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Discriminative Training of Hidden Markov Models
, 1998
"... vi Abbreviations vii Notation viii 1 Introduction 1 2 Hidden Markov Models 4 2.1 Definition . . . . . . . . . . . . . . . . . . . . . . . . . . . . . . . . . . . . . . . . 4 2.2 HMM Modelling Assumptions . . . . . . . . . . . . . . . . . . . . . . . . . . . . . 6 2.3 HMM Topology . . . . . . . . . ..."
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Cited by 20 (0 self)
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vi Abbreviations vii Notation viii 1 Introduction 1 2 Hidden Markov Models 4 2.1 Definition . . . . . . . . . . . . . . . . . . . . . . . . . . . . . . . . . . . . . . . . 4 2.2 HMM Modelling Assumptions . . . . . . . . . . . . . . . . . . . . . . . . . . . . . 6 2.3 HMM Topology . . . . . . . . . . . . . . . . . . . . . . . . . . . . . . . . . . . . . 7 2.4 Finding the Best Transcription . . . . . . . . . . . . . . . . . . . . . . . . . . . . 7 2.5 Setting the Parameters . . . . . . . . . . . . . . . . . . . . . . . . . . . . . . . . . 10 2.6 Summary . . . . . . . . . . . . . . . . . . . . . . . . . . . . . . . . . . . . . . . . 18 3 Objective Functions 19 3.1 Properties of Maximum Likelihood Estimators . . . . . . . . . . . . . . . . . . . 19 3.2 Maximum Likelihood . . . . . . . . . . . . . . . . . . . . . . . . . . . . . . . . . . 24 3.3 Maximum Mutual Information . . . . . . . . . . . . . . . . . . . . . . . . . . . . 25 3.4 Frame Discrimination . . . . . . . . . . . . . . . . ....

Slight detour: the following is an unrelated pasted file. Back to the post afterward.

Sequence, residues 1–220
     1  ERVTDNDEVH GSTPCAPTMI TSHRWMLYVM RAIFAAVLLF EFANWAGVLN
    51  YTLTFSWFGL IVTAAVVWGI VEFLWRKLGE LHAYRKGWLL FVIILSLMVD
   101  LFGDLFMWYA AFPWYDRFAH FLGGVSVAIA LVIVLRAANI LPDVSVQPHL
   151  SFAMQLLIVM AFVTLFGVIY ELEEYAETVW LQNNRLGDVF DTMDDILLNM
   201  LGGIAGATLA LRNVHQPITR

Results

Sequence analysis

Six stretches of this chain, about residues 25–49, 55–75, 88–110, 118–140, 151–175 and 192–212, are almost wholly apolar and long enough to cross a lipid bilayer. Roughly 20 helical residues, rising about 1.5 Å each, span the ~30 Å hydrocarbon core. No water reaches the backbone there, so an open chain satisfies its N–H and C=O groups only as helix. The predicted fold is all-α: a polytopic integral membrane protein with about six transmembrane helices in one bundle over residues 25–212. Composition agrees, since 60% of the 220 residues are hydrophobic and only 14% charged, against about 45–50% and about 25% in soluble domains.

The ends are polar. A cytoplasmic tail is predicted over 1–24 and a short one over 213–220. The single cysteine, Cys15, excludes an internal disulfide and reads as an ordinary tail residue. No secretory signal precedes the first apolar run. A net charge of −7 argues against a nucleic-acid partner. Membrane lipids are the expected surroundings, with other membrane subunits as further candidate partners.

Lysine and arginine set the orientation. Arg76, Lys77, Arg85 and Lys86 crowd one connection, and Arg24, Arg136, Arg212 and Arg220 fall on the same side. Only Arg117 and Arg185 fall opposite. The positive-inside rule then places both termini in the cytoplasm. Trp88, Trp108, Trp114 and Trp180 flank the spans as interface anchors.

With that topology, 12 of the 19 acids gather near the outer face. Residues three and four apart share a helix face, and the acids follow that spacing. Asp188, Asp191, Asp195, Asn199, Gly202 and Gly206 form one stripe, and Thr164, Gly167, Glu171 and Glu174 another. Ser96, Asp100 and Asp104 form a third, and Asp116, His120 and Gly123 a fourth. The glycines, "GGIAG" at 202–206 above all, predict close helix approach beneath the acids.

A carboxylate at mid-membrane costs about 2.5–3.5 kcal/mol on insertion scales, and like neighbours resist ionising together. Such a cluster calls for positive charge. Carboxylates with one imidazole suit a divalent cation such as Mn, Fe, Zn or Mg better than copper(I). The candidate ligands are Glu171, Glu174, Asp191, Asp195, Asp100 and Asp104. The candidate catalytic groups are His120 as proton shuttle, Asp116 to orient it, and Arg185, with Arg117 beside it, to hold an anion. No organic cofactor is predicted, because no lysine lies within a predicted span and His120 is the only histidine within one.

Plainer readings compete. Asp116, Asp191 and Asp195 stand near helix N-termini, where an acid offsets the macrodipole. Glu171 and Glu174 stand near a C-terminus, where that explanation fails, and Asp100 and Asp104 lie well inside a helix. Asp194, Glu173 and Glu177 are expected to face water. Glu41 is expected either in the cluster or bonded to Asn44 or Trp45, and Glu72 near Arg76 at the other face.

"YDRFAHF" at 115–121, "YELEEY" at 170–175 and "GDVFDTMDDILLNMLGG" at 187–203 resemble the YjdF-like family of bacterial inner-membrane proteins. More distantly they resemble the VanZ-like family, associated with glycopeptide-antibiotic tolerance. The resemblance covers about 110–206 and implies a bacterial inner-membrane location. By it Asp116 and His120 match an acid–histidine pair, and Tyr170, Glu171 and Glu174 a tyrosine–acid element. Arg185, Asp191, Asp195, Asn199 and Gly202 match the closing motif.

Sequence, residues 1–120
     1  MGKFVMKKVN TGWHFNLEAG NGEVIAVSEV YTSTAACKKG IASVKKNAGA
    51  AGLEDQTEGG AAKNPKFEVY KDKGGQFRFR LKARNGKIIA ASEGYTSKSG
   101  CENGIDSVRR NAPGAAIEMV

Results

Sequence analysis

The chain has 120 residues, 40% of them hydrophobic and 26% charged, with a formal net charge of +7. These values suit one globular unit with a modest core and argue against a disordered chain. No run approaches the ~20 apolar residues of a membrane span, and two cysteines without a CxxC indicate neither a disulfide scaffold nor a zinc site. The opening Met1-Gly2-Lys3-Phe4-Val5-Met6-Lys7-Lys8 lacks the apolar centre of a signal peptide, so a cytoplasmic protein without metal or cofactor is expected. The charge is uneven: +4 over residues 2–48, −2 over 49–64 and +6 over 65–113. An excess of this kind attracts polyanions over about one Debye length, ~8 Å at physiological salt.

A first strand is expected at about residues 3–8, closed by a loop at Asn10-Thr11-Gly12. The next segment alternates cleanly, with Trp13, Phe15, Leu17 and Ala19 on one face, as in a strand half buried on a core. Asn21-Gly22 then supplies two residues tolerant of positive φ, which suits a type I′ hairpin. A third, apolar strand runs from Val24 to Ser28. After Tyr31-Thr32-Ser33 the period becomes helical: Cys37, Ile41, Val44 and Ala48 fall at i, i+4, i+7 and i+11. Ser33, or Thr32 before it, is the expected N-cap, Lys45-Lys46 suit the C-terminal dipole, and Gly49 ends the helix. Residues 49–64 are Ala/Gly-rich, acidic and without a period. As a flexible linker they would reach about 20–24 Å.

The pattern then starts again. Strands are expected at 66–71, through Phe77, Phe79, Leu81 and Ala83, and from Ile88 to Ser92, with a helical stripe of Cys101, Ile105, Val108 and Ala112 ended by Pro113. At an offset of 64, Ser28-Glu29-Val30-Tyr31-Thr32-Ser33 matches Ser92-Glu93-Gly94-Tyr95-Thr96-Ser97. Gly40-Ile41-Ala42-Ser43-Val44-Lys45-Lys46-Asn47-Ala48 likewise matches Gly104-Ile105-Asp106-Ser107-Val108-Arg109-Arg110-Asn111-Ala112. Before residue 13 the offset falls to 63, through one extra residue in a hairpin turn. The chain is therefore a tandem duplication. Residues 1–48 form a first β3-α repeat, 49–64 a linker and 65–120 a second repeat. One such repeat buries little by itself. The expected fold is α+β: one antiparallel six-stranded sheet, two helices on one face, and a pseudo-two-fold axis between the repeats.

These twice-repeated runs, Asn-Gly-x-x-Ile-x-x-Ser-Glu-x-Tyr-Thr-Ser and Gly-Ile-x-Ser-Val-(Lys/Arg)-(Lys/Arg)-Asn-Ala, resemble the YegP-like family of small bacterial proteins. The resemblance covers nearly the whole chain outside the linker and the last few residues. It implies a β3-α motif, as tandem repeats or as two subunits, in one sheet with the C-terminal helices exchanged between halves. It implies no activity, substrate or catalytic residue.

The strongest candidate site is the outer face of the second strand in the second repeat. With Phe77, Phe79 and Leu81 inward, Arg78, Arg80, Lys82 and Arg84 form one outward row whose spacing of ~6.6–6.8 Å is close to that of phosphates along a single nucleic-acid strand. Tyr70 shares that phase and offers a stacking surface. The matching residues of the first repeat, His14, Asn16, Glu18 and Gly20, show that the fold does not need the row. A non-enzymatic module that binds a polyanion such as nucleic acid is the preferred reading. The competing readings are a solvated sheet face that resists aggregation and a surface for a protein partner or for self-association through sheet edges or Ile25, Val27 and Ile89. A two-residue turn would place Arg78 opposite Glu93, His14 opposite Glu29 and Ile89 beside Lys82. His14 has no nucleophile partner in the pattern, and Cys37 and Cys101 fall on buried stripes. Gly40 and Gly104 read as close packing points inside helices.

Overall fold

Discriminative training for largevocabulary speech recognition using minimum classification error
 IEEE Trans. Audio, Speech, Language Process
, 2007
"... This work is copyrighted by the IEEE. Personal use of this material is permitted. However, permission to reprint/republish this material for advertising or promotional purposes or for creating new collective works for resale or redistribution to servers or lists, or to reuse any copyrighted ..."
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Cited by 12 (1 self)
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This work is copyrighted by the IEEE. Personal use of this material is permitted. However, permission to reprint/republish this material for advertising or promotional purposes or for creating new collective works for resale or redistribution to servers or lists, or to reuse any copyrighted
Realtime Object Classification and Novelty Detection for Collaborative Video Surveillance
 In Proceedings of the International Joint Conference on Neural Networks
, 2002
"... To conduct realtime video surveillance using lowcost commercial offtheshelf hardware, system designers typically define the classifiers prior to the deployment of the system so that the performance of the system can be optimized for a particular mission. This implies the system is restricted to ..."
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To conduct realtime video surveillance using lowcost commercial offtheshelf hardware, system designers typically define the classifiers prior to the deployment of the system so that the performance of the system can be optimized for a particular mission. This implies the system is restricted to interpreting activity in the environment in terms of the original context specified. Ideally the system should allow the user to provide additional context in an incremental fashion as conditions change. Given the volumes of data produced by the system, it is impractical for the user to periodically review and label a significant fraction of the available data. We explore a strategy for designing a realtime object classification process that aids the user in identifying novel, informative examples for efficient incremental learning.